When it comes to dragstrips with “curb appeal,” you’d be hard-pressed to find another track that has a more visible presence than Tennessee’s Crossville Dragway. Positioned directly beside the eastbound lane on Interstate 40, roughly 36,000-40,000 motorists drive past the track daily.
Truckers often honk their horns loudly in approval when they pass by the track on race days, while aspiring drag racers driving passenger cars shift into neutral and hold it on the rev limiter, sometimes until parts begin to scatter across the interstate. Track owner Michael Newcome insists there’s been far more engines blown on the interstate by people showing off than by those who are actually on the track racing!
[Editor’s Note: This story originally appeared in DI #159, the Sportsman Issue, in August of 2020.]
The Volunteer State’s most visible dragstrip dates back to the late 1970s, and was operated by the Howe family from 1991 until 2015. Afterwards, Tommy Fitzgerald purchased the track from the Howes, and the facility underwent an extensive remodeling about five years ago, which included a new concrete racing surface and concrete walls, remodeled tower, extra pit parking, LED lighting, as well as other updates.
Three years ago is when Newcome and his partner, Rick Wetherbee, entered the picture and leased the track from Fitzgerald, but after the two-year deal had expired, Wetherbee wasn’t interested in continuing in the ownership role, although Newcome’s opinion hadn’t changed. “Fortunately, I was able to move forward by myself, so 2020 marks my first year as owner/manager while doing it alone,” says Newcome.
Right about the time he usually opens up for Test and Tune in March, COVID-19 hit and disrupted life as we knew it, including motorsports activities. While the track is bustling with activity currently, that wasn’t the case just a few months ago. “It was a rough couple months to get through, but amazingly, I did not lose a single sponsor, and that’s how we got through it,” Newcome insists.
People such as East Tennessee Dodge and Ford, Best One Tire, Selk Sanitation, Terry Bowman, Mayberry’s Furniture, Roger’s Race Fuels, VP Race Fuels and Mitchell Dyer are the ones Newcome credits with stepping up when he needed them most. The local Kubota dealer of Crossville even supplied the dragstrip with a new tractor and skid steer.
With the pandemic causing such a late start to the season, though, Newcome was forced to reevaluate some plans for 2020, namely his bracket racing schedule. “I have a history in radial racing, but I’ve come to enjoy bracket racing and was planning to launch a nice points program this year, but I felt the best thing to do was hold off until next season,” he says.
Crossville will host multiple big-money dial-in races this year through a collaboration with Chad Axford from Flat Bill Promotions. “We had a very successful weekend back in May, featuring three 10-granders,” Newcome says, “and we’re doing another event with Chad coming up in September.”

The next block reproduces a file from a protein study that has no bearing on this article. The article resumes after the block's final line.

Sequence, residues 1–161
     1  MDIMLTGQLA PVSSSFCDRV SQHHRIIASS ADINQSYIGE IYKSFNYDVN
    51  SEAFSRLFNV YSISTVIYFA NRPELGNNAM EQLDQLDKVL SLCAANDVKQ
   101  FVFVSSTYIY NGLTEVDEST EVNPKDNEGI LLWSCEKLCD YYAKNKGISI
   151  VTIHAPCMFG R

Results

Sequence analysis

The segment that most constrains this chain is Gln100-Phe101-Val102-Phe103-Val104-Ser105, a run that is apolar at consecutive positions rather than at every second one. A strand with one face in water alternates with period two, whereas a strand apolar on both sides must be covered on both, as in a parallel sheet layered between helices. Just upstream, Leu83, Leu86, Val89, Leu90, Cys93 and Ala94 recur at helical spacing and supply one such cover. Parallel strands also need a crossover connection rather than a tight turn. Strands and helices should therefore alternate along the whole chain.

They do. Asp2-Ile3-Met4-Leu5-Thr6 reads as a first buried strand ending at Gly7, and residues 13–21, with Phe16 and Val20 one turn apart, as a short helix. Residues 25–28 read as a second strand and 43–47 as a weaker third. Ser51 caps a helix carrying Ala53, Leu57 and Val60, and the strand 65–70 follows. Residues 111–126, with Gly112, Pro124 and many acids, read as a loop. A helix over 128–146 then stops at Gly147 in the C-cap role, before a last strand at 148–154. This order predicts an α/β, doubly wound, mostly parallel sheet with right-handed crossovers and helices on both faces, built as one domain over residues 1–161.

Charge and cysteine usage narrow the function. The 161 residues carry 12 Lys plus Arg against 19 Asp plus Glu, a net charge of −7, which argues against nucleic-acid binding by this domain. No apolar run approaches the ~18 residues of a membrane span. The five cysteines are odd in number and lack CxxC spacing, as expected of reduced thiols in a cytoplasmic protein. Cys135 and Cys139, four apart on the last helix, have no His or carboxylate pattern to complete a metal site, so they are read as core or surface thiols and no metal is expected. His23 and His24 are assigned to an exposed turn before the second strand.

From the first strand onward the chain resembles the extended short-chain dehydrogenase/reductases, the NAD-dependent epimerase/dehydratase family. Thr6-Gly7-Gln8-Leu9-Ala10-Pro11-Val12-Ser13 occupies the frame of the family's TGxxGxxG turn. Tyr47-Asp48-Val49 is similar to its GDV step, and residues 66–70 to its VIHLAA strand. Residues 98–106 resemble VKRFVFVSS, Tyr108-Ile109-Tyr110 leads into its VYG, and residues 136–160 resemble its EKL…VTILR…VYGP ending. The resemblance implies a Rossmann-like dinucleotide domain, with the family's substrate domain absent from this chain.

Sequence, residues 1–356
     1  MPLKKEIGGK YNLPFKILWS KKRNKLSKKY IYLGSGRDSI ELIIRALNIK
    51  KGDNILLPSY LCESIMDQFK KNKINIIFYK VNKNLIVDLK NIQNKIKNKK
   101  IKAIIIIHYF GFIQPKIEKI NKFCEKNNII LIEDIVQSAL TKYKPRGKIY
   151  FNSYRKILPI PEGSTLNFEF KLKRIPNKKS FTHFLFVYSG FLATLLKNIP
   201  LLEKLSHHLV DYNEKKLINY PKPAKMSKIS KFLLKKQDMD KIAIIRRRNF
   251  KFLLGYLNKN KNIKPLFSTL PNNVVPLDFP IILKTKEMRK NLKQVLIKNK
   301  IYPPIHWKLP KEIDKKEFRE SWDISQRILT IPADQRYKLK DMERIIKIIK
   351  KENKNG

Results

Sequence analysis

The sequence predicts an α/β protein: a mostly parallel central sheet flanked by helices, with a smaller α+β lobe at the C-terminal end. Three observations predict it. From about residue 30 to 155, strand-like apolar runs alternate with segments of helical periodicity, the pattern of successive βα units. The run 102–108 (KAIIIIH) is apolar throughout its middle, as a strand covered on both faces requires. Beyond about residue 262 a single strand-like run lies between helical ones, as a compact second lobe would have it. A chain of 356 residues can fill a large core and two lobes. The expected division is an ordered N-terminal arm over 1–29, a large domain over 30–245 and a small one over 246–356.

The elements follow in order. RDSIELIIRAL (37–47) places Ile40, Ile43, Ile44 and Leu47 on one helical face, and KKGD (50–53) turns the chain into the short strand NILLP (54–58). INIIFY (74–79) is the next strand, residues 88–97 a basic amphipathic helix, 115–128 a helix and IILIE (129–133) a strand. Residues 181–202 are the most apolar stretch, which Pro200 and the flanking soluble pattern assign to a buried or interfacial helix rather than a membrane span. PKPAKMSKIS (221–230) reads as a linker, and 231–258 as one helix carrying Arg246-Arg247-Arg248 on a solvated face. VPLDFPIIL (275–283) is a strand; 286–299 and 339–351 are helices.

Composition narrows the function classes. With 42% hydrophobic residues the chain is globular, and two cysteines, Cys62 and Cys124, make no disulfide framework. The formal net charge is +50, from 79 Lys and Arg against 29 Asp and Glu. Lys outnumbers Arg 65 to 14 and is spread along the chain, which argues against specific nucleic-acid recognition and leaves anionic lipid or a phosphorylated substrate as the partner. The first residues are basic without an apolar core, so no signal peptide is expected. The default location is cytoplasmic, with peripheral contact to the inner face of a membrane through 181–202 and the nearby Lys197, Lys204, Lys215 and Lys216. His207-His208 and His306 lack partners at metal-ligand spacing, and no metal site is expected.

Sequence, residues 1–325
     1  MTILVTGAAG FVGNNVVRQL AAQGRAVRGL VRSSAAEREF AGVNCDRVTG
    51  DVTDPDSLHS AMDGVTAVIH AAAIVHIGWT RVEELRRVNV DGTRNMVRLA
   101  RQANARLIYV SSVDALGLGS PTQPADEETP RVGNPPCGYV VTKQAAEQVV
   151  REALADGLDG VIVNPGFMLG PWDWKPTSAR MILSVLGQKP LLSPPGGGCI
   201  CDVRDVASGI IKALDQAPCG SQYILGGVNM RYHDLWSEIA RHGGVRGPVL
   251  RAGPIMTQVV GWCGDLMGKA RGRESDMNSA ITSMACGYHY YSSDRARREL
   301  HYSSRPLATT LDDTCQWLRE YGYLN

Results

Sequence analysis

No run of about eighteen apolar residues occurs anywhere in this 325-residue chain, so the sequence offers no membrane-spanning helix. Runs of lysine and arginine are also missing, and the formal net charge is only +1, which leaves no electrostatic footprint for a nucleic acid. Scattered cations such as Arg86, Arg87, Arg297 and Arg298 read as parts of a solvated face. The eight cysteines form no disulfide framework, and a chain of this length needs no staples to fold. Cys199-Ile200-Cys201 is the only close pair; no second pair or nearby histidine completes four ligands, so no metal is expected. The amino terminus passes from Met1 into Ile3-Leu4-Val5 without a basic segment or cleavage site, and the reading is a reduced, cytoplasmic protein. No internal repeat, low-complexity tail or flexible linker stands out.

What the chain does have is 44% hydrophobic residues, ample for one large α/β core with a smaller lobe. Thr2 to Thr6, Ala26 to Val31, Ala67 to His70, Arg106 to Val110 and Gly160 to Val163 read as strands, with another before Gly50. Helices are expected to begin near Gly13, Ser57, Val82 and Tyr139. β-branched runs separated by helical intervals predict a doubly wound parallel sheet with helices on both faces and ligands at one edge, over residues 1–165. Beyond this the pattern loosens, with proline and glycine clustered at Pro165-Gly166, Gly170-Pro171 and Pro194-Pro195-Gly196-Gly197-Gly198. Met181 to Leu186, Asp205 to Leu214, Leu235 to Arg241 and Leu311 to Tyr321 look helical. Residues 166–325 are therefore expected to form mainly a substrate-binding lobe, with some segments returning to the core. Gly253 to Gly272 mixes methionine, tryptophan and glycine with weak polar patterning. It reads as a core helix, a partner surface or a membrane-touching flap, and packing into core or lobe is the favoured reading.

Newcome would also like to explore the possibility of bringing Pro Modified cars to Crossville. “I think it would be good for the fans to see some loud, fast cars!” he smiles. Crossville’s radial races have also generated plenty of excitement this year, especially the season opener when three 275 radial cars clocked elapsed times in the 4.0s.
Managing the track has been an exciting learning curve for Newcome and he places high praise on the Howe family for always being available to offer their input. “Jim Sr. has climbed in his truck at midnight and drove out here to help me sort some stuff out, and Jim Jr. and I have talked on the phone plenty,” Newcome says. “The Howe family is always available to help me and I appreciate them so much.”
Newcome has also capitalized on something brand-new this season, oddly enough, beginning this past winter, when he began providing a safe environment for individuals to match-race their street cars, but with a slightly different approach. Newcome explains how he grew up in this area and is aware of illegal and dangerous street racing that still goes on in virtually every part of the country including his own hometown, but there’s also a surprising amount of people who are willing to meet at the dragstrip and race their street cars…just not on the actual racing surface! “There’s a growing number of people who enjoy coming out here and racing their cars on the asphalt…past the finish line on a completely unprepped surface that simulates a street race, but in a much safer environment.”
What Newcome has also noticed is that many of these participants and spectators alike are high school-aged youngsters. Sometimes Crossville is brimming with 2,000 people, all gathered past the finish line to enjoy the competition of heads-up street races, with all their favorite brands represented. What started as a novelty during the doldrums of winter is now being branded as “Asphalt Wars” and is a regular attraction through the summer months as well.
Crossville Dragway is IHRA-sanctioned and generally operates from March through November, but with the addition of Asphalt Wars, the track now has the potential to operate virtually yearround.